Health is a crucial aspect of population composition, impacting development. Improvements in public health have been achieved through disease prevention and modern medical practices.

Adolescents, aged 10 to 19 years, are a valuable resource for the future, comprising one-fifth of India's population. The National Population Policy (NPP) 2000 aims to provide free and compulsory school education up to age 14 and focuses on reducing infant mortality, promoting delayed marriage for girls, and improving family welfare. It also addresses the needs of adolescents, including protection from unwanted pregnancies and sexually transmitted diseases, education about the risks of unprotected sex, and access to affordable contraceptive services and nutritional support.

NCERT Solutions for Class 9 Social Science Political Science (Civics) – Democratic Politics-I  

Here is the list of chapters that are included in NCERT Solutions for Class 9 Social Science Political Science (Civics) – Democratic Politics-I 

NCERT Solutions Class 9 Social Science (Democratic Politics-I) Chapter-Wise List

Chapter 1 - What is Democracy? Why Democracy?

Chapter 2 - Constitutional Design

Chapter 3 - Electoral Politics

Chapter 4 - Working of Institutions

Chapter 5 - Democratic Rights

Here is a brief explanation of each chapter included in Class 9 Social Science (Democratic Politics-I) :

Chapter 1 - What is Democracy? Why Democracy?

Democracy is a type of government where the rulers are elected by the people. In a democratic country, the government is chosen through elections, and the people have a say in who leads them. However, not all countries with rulers are democratic. Some countries may have rulers who took power through force, like in Myanmar, or under dictators like Pinochet in Chile.

Certain features of democracy set it apart from other forms of government. One of the main features is that major decisions are made by elected leaders, not by those in power through force. Free and fair elections are crucial in a democracy, where people have a fair chance of changing the current rulers. Each citizen has one vote, and each vote holds equal value.

Democracy is not perfect, and there are some cons to it. For instance, leaders change frequently, which can lead to instability. Also, the decision-making process involves many people, which can cause delays. However, democracy has several advantages. It is more accountable, improves the quality of decision-making through discussions, provides a way to resolve conflicts peacefully, and upholds the dignity of citizens.

Democracy can have broader meanings beyond just a form of government. It can be applied to any sphere of life, aiming to create an ideal standard for all democracies. However, no country perfectly meets this ideal. Still, understanding democracy as an ideal helps us value and judge existing democracies. The most common form of democracy today is being governed by elected representatives, but smaller communities may use other ways of making democratic decisions, like direct decision-making in a village's Gram Sabha.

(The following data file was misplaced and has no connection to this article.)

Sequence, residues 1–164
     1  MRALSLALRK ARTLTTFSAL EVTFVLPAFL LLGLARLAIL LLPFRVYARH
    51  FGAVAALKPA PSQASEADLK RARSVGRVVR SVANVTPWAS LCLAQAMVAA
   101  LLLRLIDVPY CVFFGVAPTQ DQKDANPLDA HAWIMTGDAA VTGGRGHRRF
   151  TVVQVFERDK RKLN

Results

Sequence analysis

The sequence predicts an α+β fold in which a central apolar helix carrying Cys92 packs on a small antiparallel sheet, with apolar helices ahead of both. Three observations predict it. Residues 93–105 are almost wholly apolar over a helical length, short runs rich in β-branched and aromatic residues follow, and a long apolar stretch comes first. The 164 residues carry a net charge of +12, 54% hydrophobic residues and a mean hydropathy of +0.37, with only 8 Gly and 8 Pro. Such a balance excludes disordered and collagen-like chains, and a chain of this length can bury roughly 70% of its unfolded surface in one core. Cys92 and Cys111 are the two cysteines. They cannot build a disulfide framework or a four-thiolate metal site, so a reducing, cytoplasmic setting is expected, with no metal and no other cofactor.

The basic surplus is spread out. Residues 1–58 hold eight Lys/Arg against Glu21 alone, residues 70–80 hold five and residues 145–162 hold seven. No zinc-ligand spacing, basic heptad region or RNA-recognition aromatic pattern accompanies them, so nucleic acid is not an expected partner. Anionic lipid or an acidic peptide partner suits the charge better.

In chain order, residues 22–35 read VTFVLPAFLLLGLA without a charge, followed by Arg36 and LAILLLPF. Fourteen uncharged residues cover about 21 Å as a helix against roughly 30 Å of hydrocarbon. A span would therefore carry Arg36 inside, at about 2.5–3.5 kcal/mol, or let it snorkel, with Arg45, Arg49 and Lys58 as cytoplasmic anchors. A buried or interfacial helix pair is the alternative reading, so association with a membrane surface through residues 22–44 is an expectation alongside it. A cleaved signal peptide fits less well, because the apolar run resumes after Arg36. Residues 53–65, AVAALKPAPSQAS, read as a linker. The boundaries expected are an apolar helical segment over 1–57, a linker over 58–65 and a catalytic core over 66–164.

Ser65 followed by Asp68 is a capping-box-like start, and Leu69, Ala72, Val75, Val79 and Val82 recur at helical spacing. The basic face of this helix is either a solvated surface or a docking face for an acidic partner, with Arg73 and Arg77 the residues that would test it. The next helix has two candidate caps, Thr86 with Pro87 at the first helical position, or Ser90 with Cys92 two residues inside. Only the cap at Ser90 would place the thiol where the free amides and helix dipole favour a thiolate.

Chapter 2 - Constitutional Design

A Constitution is a set of important rules that both the people and the government of a country must follow. It is like the supreme law of the land, and it decides the rights and duties of the citizens, the government's powers, and how the government should work.

In South Africa, there used to be a system called apartheid, where people were divided based on their skin color. White Europeans controlled the country and treated themselves as superior while discriminating against non-white people. Apartheid was challenged by groups like the African National Congress (ANC), and after many protests, negotiations led to the formation of a new democratic government with a constitution that protected everyone's rights.

The Constitution is essential because it builds trust among people with different opinions, outlines how the government functions, sets limits on government power and reflects the people's desires for a better society.

In India, the Constitution was created by the people through representatives, not given by any foreign power. It aims for equality, freedom, and justice for all citizens. The Constitution was drafted by the Constituent Assembly, and it can be amended over time to keep it updated and relevant.

In summary, a constitution is a crucial document that guides a country's functioning, ensuring fairness and protecting the rights of its citizens.

Chapter 3 - Electoral Politics

Elections are important because they let people choose their representatives, who make important decisions and shape the future of the country. They help maintain peace by implementing good policies and laws. Elections ensure that no government stays in power indefinitely and allow citizens to participate in their country's betterment.

A democratic election requires that everyone can vote with equal value, parties offer real choices, elections happen regularly, and the chosen representatives are preferred by the people. Political competition is good as it motivates leaders to work for the country's benefit.

In India, elections for Lok Sabha and Vidhan Sabha are held every five years. The country is divided into constituencies, and voters elect one representative for each. Some seats are reserved for backward sections. A voters' list is prepared, and candidates need to meet certain criteria to be nominated. During the campaign, candidates connect with voters, and no bribes or religious appeals are allowed.

On election day, voters cast their votes using electronic voting machines (EVM). India's elections are considered democratic due to the independent Election Commission, people's active participation, and challenges to maintain fairness, which include money and criminal influence.

Chapter 4 - Working of Institutions